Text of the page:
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My favorite feedback when I comment on literature-based papers is “You should look into getting this published,” encouragement being a central component of scholarly kindness. Maybe you’ve recommended similar possibilities, the keywords abstract, conference-length, and academic writing sample resonating with your mentorship. What professors invested in me, Learner, I’ll office-hours back to you. Halfway through grading my Literary Interpretation courses’ end-of-semester papers last December, I spent time searching for print and online journals that publish undergraduate literary criticism—might as well give concrete starting points, I thought—differently worded queries revealing whatever links nil and scant.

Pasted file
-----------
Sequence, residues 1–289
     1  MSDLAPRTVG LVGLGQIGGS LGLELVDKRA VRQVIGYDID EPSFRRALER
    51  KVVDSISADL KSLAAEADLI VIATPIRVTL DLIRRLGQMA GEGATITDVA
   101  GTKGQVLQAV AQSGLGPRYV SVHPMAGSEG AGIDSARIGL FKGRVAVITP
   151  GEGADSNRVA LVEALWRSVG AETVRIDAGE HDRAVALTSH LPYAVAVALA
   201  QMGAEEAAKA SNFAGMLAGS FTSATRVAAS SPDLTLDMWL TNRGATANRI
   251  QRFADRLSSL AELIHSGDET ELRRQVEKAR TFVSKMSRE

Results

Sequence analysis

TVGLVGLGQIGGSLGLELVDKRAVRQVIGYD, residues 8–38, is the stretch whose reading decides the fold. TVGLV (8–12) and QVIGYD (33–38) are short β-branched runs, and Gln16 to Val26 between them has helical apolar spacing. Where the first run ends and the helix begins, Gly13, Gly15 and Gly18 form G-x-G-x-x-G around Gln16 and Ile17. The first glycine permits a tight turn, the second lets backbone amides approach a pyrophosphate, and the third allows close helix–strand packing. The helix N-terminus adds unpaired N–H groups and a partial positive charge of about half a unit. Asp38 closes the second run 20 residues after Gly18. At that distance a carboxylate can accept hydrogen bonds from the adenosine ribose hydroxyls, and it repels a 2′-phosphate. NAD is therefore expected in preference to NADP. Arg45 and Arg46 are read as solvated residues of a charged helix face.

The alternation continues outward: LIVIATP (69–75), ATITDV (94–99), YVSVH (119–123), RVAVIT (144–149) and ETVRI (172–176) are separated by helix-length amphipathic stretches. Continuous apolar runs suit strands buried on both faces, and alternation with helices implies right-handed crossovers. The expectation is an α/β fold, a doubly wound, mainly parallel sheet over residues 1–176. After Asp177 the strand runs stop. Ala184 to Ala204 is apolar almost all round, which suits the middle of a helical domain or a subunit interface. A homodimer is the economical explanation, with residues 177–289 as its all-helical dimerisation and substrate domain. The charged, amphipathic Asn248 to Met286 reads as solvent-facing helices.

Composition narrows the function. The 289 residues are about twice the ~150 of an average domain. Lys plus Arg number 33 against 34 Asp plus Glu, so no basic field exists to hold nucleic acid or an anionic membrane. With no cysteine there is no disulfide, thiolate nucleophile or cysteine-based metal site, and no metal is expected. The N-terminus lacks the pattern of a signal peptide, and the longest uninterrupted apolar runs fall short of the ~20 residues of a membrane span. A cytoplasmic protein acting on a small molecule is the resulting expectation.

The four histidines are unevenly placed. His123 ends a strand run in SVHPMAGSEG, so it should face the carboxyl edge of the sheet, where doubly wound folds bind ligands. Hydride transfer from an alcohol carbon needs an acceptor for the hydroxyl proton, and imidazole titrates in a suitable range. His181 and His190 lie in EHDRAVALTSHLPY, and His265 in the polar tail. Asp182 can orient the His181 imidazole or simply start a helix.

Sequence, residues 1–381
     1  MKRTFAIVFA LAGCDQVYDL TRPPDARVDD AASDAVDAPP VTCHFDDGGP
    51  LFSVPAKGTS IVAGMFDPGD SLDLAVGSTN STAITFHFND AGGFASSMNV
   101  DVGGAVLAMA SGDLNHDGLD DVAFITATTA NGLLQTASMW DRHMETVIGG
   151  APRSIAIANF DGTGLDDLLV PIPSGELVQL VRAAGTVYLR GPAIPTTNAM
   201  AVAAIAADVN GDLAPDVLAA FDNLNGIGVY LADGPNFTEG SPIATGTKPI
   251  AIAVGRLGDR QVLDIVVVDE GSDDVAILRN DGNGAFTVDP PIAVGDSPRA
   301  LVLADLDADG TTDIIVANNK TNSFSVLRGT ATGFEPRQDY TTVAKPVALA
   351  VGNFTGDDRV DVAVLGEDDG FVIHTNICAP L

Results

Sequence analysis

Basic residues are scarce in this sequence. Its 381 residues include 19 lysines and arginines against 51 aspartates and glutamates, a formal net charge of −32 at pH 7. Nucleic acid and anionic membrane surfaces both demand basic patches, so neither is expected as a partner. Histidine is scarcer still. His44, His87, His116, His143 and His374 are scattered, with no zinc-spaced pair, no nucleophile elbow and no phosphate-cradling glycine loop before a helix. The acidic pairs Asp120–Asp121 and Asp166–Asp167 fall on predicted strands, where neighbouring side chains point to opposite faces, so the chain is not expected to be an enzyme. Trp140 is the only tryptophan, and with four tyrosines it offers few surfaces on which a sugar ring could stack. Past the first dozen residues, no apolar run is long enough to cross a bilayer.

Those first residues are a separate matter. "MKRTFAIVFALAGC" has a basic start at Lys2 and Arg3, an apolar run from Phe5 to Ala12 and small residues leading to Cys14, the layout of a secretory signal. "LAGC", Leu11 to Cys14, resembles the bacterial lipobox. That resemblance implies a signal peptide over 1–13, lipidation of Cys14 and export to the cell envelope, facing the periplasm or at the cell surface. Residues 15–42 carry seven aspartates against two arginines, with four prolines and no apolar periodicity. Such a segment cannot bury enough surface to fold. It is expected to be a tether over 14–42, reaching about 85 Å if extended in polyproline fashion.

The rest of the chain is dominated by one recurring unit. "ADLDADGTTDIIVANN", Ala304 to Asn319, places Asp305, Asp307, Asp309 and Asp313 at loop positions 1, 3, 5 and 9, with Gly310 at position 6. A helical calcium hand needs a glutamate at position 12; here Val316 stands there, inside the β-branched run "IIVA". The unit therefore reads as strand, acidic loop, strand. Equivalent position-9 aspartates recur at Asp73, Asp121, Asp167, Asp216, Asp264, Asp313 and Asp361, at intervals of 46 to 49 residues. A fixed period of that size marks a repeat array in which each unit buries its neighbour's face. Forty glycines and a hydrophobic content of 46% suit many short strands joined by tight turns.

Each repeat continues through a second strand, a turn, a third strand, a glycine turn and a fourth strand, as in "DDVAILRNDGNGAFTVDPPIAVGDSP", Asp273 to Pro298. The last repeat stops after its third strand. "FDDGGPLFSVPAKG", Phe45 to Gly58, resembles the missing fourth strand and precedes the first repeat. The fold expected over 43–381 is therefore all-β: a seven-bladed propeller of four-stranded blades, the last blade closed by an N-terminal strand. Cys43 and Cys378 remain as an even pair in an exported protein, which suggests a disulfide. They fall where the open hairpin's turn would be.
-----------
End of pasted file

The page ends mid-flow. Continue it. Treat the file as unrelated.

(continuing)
Since 2020, 1-Week Critique has focused on creative writing pedagogy, whether through detailed editorial suggestions, panels, or craft articles. Lately, we’ve thought along the lines of resources and resourcefulness for those who write about literature. With Interpretations, we answer the questions Where and How do undergraduates enter the larger literary conversation?


Adhering to the ‘early and final draft’ model of our interview series, we’re publishing high-quality papers as we first encounter them, followed by more realized versions after paragraph-by-paragraph discussions with the author. Additionally, we feature critical reflections that describe the student’s revision process as they share their insights past the classroom community.


While undergraduates haven’t yet reached the level of MA or PhD writing, their voices are just as important. “Not all of us are extroverts,” I tell students on the first day of class, “but all of us are thinkers.” Interpretations is where new ideas on fiction, drama, memoir, and poetry transcend their assignment beginnings. We never know who is just a draft away from a life of letters, or a life that recognizes the importance of letters. This fuels my optimism where tomorrow’s literary criticism is concerned as we debut another facet—scholarly mentorship—of 1-Week Critique.

- Jon Riccio

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